I wanted to more or less draw attention to the website that the Archdiocese kicked off. Rediscover-Faith.org is the name of the site and they have a numerous amount of resources to help you learn more about the faith, in a very simple and easy to understand way. They have articles, videos, and even a smart phone app for your Apple or Android phones and tablets. I personally have not used the app yet, as I apparently have too old of a phone. I should be getting a new phone shortly though, and am excited to try it out. It shows all parishes within the Archdiocese of St. Paul/Minneapolis as well as confession times. It sounds like a great tool to help you in your faith and prayer life too, allowing you to organize and keep track of what you have been doing. Sounds similar to what I’ve been saying on spiritual discernmentspiritual examination and prayer routine.

The videos range from long to short. The long ones are generally the talk that they gave for the week, so they are about an hour in length. They are well worth the view though. I believe they are downloadable so if you would rather listen you can do that.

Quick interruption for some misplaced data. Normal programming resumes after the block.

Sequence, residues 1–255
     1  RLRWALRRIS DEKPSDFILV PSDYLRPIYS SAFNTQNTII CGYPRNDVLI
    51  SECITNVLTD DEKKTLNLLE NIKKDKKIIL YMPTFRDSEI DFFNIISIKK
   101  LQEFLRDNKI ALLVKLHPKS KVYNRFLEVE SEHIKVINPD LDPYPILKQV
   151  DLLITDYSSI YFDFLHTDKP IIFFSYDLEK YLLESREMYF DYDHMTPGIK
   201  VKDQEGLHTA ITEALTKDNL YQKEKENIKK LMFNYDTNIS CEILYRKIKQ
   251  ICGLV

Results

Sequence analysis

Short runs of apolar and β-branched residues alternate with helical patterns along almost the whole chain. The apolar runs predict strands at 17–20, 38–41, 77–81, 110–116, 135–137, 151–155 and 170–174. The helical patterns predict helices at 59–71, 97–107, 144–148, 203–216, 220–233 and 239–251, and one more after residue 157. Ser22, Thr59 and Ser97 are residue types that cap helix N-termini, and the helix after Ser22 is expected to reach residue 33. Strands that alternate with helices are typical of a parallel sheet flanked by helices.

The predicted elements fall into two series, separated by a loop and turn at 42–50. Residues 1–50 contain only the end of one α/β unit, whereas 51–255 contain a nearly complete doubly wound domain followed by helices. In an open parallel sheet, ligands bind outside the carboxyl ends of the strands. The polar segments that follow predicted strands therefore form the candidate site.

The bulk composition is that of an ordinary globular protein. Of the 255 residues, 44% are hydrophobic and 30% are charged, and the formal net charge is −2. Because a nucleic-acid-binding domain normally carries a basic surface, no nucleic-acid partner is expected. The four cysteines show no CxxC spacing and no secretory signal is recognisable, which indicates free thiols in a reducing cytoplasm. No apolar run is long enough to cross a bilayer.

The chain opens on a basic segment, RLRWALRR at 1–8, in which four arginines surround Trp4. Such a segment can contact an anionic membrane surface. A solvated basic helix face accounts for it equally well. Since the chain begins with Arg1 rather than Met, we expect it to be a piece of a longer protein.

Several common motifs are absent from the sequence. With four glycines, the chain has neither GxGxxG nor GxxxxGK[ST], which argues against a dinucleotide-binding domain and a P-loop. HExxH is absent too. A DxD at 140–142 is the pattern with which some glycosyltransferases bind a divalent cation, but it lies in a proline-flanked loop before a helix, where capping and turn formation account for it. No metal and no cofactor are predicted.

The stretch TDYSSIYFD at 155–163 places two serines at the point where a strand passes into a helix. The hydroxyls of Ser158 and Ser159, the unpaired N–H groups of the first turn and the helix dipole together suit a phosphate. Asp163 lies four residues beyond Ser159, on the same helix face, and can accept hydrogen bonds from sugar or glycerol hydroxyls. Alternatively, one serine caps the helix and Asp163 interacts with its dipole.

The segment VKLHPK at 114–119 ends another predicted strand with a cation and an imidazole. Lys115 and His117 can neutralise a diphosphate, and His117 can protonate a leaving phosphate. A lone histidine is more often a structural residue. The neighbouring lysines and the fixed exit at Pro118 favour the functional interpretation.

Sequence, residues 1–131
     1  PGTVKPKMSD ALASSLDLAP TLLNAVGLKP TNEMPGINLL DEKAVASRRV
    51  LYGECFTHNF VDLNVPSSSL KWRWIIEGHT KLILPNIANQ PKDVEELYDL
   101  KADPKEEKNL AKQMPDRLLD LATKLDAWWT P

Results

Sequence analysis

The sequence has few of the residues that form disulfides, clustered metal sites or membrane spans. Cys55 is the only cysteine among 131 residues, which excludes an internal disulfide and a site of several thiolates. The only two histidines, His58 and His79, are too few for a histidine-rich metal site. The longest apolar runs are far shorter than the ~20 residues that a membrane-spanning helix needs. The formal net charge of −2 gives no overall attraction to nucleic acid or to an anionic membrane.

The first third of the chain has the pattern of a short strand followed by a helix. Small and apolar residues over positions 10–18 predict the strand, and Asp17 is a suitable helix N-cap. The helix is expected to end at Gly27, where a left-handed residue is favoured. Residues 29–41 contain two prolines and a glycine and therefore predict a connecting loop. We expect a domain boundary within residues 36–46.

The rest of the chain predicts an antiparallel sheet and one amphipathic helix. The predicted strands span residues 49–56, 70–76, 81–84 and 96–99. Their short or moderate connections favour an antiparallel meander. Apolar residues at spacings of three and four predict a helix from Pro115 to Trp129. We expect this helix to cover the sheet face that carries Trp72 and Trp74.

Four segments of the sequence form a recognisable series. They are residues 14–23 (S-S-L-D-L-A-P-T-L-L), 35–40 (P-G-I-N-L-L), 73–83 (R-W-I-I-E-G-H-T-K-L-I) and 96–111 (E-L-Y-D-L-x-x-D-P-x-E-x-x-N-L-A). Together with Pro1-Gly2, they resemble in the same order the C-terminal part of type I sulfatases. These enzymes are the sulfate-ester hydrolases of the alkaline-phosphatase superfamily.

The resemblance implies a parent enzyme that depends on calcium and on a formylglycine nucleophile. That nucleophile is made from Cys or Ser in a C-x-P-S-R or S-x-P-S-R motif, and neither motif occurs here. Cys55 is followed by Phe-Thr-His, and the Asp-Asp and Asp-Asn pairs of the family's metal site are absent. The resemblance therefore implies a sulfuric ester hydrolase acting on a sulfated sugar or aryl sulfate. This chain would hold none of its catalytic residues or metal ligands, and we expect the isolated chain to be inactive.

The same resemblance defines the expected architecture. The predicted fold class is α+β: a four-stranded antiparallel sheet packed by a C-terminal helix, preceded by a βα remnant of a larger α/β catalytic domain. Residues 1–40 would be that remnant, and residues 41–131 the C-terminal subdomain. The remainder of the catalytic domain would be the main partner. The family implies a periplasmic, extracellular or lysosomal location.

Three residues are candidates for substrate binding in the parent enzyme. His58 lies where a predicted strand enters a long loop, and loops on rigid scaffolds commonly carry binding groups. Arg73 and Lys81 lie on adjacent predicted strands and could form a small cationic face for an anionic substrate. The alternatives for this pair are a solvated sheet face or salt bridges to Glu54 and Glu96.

I highly recommend going through the site if you can. I am only one man, who works full time and has many other responsibilities. I do my best to update this blog as often as I can, and I think of lots of interesting things to talk about, but, here is a site that goes down to the basics and can probably explain it better than I can. However, I think its important that if you ever have a question about the faith, please, please, please don’t hesitate to ask. Leave a comment on pages (I allow anonymous posts (for the time being)). I really do enjoy talking about Jesus and His Holy Catholic Church. So, again, don’t be afraid to ask.

Book Review: Rediscovering Catholicism

UPDATE: I have since read many other books and have come to realize that Matthew Kelly’s version of Catholicism is not the solution and is barely even Catholic. While I do not believe in removing posts that I have published unless absolutely necessary, I will leave this here so you can see what I thought at this point in my life. I will have the record show that I no longer agree with this review, so keep that in mind when you read it.

I just finished reading Rediscovering Catholicism the other day. So, I thought I’d give my thoughts on it.